Palestinian Israel Tax Freeze
Israeli Prime Minister Benjamin Netanyahu has agreed to end a tax transfer freeze on the Palestinian Authority (PA). The Israeli government collects and transfers about $125 million each month to the PA, but cut them off last December after the PA was accepted into the International Criminal Court. Israel now plans to release the several months’ worth of revenue that it had previously withheld.

The freeze in tax transfers hit the Palestinian Territories hard. The economy was already in a recession, with unemployment at 25 percent and a budget deficit of 15 percent of GDP. The PA was then forced to cut public sector wages by 40 percent. Tax transfers account for 70 percent of the Palestinian Authority’s revenue and the freeze pushed the region to the brink of collapse.

Palestine’s stock market has contracted by 10 percent since this time last year. The Palestinian Central Bank had warned there was an imminent risk of a major financial crash. Hospitals reported a shortage of medicine and equipment.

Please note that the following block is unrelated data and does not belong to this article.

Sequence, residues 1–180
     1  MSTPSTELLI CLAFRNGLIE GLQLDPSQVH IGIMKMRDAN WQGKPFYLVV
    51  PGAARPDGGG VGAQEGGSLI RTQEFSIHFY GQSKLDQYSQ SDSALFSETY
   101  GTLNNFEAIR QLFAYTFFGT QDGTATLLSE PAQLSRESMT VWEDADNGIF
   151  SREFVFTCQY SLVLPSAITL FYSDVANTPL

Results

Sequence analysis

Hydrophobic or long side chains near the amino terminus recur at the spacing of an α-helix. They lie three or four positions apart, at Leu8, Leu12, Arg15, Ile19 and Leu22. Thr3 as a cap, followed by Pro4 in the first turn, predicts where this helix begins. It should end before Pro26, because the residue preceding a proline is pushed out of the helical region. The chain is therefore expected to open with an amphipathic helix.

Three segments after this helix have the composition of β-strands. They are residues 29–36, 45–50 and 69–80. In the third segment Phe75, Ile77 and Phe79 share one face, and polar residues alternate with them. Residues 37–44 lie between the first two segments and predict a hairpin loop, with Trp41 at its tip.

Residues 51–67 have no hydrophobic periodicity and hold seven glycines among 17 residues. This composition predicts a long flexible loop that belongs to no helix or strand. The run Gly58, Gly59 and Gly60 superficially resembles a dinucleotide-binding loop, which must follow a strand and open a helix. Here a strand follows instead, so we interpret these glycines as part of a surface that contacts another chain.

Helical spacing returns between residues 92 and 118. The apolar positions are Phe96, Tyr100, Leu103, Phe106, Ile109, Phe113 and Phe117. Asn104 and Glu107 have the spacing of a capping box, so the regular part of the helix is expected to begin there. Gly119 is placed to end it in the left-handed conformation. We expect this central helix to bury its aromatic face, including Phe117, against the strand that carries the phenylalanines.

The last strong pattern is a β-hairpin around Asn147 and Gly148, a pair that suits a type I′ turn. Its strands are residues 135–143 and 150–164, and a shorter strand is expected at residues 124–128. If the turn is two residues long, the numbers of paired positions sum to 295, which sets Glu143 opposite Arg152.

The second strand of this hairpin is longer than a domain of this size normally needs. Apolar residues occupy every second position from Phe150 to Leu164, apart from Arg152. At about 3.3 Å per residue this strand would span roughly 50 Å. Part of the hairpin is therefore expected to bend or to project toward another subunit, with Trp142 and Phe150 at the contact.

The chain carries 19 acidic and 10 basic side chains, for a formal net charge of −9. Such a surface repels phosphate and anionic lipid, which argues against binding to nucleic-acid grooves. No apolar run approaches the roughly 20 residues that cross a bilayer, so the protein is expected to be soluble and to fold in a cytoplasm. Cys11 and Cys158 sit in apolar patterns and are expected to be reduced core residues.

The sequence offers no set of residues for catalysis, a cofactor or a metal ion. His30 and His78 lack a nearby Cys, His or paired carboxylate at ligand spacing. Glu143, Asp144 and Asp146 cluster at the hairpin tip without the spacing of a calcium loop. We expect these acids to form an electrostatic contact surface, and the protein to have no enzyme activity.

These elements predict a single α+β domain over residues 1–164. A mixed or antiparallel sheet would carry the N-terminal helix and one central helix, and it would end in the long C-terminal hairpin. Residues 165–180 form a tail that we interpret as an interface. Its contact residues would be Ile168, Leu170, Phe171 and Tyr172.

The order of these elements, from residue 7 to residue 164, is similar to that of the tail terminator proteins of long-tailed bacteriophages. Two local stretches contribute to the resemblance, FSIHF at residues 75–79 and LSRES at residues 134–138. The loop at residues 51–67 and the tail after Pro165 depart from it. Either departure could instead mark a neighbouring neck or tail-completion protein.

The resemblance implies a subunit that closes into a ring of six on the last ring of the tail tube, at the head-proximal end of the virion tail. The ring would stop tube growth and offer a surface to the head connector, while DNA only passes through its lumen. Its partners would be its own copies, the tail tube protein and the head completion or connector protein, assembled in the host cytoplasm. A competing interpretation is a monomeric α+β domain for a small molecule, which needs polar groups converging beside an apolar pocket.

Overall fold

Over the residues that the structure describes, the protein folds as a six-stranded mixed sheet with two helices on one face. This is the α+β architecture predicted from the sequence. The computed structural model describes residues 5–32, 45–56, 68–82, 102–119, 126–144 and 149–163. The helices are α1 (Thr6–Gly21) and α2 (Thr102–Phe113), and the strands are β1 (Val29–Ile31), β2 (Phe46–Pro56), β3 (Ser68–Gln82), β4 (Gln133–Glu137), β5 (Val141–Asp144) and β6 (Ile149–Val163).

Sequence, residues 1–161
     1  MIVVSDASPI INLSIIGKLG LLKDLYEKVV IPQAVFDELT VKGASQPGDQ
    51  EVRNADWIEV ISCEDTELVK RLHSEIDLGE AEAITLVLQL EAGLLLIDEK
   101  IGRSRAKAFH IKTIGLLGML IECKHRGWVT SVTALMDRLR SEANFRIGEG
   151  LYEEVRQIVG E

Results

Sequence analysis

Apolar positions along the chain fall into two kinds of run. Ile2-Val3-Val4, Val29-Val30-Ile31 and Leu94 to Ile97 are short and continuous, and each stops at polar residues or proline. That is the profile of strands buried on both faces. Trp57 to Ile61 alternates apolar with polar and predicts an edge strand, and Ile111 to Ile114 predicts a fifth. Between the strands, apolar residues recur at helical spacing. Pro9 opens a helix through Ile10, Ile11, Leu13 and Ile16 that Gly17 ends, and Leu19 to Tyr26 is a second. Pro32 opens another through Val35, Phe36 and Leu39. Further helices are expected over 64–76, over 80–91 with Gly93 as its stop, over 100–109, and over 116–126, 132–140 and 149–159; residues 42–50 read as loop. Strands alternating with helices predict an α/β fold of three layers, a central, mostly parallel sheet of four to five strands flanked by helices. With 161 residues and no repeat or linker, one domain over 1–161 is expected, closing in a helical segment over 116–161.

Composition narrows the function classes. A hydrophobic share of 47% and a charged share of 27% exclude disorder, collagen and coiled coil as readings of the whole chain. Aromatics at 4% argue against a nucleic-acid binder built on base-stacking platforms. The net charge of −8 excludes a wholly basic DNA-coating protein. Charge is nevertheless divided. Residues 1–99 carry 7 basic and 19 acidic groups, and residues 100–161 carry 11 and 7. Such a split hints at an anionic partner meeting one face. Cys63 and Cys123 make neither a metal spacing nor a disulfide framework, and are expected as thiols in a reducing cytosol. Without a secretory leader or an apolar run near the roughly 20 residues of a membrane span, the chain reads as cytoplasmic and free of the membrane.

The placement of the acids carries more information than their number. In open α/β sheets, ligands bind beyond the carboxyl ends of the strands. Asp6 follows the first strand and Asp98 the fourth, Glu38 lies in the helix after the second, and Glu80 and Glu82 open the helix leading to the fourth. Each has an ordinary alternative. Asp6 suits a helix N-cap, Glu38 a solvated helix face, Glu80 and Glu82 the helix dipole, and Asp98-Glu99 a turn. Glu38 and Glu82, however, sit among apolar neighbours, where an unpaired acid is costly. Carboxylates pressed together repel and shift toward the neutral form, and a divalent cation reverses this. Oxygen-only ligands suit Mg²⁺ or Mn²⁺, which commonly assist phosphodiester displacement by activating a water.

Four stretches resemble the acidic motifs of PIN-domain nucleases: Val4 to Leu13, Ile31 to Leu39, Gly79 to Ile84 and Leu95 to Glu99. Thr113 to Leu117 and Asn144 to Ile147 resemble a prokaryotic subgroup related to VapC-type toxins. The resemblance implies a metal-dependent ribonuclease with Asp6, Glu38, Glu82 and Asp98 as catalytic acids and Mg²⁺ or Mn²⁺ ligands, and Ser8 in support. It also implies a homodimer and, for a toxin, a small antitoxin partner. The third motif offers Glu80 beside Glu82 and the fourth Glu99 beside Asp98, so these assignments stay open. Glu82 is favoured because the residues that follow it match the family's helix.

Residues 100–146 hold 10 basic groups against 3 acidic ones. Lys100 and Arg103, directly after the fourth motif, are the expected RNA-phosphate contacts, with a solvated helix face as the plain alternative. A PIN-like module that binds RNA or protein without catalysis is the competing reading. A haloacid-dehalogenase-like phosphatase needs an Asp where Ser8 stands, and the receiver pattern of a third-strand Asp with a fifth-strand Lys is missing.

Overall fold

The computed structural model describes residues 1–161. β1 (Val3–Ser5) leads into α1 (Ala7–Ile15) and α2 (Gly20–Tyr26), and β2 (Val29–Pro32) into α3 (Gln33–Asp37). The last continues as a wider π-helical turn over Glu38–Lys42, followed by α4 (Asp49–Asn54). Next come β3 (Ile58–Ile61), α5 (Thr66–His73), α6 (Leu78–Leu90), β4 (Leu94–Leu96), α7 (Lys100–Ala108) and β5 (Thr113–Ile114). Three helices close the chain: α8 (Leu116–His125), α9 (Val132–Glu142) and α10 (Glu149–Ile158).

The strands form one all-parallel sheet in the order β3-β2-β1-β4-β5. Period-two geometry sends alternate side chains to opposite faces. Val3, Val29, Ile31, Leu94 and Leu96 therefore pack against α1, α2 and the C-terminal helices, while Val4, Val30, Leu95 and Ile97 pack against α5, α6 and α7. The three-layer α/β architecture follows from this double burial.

The Israeli government cited the humanitarian crisis and the threat of increased instability in the West Bank as its primary reasons for resuming tax transfers. The Palestinian Authority had warned it was unlikely to survive for much longer without tax revenue. Israeli military officials had also warned that the Palestinian Authority was at risk of collapsing and disbanding.

The Israeli military also warned that the freeze was fueling instability and extremism and was a threat to Israel’s national security. Officials had previously recommended that the government end the freeze to prevent the spread of instability in the already unstable region.

This is good news for the West Bank, which has long struggled with high rates of poverty. The resumption of tax revenue will help to alleviate this and lesson the effects of the ongoing economic crisis. But since the Palestinian Authority is set to officially join the ICC on April 1, relations with Israel will remain strained and the threat of a future transfer freeze still remains.

– Matt Lesso

Sources: BBC, The New York Times, The Wall Street Journal
Photo: Wall Street Journal